Read an excerpt about Jimmy Sears in Tony's groundbreaking book 'Kitchen Confidential.'

on Jan 3, 2013 - The Dish

That clash of wills was not long in coming. A few months later, Jimmy’s period of saloon exile was over; he landed the exec chef gig at the Supper Club, a huge restaurant/nightclub/disco on West 47th Street, and began hiring cooks. I was one of the first to get the call. It was a plum job to be executive chef at the Supper Club. Hell, it was a plum job doing anything at the Supper Club. Perk-o-delic. The main dining room sat about two hundred, with private banquettes and booths along the walls, a dance floor and a stage from which a twelve-piece orchestra played forties swing music. There was an upstairs mezzanine—a holdover from the club’s previous incarnation as a Broadway theater—which sat another hundred and fifty or so, with a second bar, and off to the side, also on the second floor, was a smaller venue, a cabaret-cum–VIP lounge called the Blue Room, which sat another eighty. It was a pretty swank place, what they used to call a “rug joint” back in the thirties and forties—a big, glitzy operation with plenty of cracks to fall through, a place where you could easily picture a young Burt Lancaster (just out of the joint) returning to find a young Kirk Douglas (the club owner) counting the night’s take in one of the private banquettes. Dinner and dancing to swing music went on from five to eleven, after which the smoke machines would start belching chocolate-smelling fumes, the laser intellabeams would kick into action, the mirror ball would begin turning, a DJ would take over and the Supper Club would become (for a while) the hottest dance club in town.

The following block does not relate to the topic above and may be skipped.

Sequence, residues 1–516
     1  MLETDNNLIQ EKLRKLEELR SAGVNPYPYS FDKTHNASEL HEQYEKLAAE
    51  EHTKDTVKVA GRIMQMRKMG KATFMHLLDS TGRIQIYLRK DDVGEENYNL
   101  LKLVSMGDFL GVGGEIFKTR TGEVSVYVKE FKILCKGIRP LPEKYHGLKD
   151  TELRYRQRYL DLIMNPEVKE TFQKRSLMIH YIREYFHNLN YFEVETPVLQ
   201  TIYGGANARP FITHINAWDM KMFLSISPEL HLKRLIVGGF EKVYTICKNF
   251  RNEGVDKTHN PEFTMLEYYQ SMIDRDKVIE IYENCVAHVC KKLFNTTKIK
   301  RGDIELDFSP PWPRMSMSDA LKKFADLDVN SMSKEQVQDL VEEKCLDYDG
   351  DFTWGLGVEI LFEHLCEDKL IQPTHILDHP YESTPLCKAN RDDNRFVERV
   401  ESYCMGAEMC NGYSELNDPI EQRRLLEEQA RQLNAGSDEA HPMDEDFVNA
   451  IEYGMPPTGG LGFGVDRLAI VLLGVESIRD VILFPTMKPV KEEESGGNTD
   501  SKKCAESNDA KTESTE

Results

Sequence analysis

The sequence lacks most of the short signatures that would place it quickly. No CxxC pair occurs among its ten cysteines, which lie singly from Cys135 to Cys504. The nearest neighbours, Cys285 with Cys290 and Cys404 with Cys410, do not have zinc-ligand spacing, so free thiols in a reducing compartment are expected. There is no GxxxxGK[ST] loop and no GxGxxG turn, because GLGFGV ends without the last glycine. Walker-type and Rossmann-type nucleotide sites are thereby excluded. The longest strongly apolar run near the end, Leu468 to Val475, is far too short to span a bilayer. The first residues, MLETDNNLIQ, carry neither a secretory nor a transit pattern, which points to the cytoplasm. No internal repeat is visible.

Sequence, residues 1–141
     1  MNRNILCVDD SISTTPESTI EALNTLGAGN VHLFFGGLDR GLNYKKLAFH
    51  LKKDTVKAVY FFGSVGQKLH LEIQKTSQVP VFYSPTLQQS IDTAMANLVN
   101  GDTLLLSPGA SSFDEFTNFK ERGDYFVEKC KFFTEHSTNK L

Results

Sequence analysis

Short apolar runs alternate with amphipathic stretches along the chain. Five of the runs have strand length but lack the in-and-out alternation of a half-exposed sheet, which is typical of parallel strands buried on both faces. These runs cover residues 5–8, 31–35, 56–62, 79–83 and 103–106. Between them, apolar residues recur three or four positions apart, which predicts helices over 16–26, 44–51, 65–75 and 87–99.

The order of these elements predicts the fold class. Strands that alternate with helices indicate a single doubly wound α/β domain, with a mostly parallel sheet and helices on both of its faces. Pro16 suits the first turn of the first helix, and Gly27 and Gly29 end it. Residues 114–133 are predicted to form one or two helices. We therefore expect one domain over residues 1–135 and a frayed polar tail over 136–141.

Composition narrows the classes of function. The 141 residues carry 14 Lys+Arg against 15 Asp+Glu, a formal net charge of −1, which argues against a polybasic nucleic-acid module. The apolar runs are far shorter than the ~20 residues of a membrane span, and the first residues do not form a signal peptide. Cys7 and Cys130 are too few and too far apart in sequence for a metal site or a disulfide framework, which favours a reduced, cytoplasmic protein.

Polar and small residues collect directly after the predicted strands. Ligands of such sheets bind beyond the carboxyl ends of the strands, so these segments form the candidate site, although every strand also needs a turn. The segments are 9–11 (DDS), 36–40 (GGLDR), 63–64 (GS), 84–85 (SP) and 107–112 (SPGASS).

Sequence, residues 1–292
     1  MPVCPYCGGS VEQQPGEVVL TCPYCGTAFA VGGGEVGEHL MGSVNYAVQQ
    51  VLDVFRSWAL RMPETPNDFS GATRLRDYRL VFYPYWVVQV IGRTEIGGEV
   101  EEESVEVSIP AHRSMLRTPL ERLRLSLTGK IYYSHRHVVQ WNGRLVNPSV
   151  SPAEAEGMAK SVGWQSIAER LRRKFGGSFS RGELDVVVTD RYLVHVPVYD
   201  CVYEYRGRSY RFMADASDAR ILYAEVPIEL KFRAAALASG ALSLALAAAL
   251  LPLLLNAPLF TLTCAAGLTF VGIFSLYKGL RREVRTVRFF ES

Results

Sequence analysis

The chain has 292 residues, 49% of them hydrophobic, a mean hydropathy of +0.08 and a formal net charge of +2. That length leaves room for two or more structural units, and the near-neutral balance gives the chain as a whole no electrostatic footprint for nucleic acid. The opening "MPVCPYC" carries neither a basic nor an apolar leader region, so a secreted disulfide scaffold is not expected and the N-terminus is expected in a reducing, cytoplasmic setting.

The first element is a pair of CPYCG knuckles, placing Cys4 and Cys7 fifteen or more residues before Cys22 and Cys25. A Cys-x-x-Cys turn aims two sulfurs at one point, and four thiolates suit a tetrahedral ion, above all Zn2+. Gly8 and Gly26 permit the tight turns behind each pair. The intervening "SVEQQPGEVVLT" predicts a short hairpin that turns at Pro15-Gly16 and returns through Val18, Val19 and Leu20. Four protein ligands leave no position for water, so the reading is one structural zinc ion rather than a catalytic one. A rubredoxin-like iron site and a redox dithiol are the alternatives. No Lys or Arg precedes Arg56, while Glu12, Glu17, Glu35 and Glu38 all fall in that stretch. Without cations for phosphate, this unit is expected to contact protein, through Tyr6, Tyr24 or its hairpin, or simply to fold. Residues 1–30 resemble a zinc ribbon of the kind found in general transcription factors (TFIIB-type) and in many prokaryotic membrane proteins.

Every night there was a different crowd with a different promoter: Chicks with Dicks Night featured towering transvestites and preops tottering around on high heels to house and techno; Soul Kitchen featured predisco seventies funk, with early blaxploitation films playing silently on the big screen and forty-ouncers and chicken wings for sale; Giant Step had acid jazz and fusion; Café Con Leche nights had salsa nueva and Latin funk; Funkmaster Flex attracted a hip-hop crowd; Noel Ashman attracted Eurotrash and the face-lifted, well-dressed crowd . . . you never knew, there was every variety of nightlife madness as each night people lined up down the street and around the corner onto Eighth Avenue, waiting to get past our metal detectors and our thirteen burly security goons so they could rip up our bathrooms, crowd around our three bars, smoke weed, snort coke and copulate like bunnies in every nook and cranny of our cavernous pleasure palace.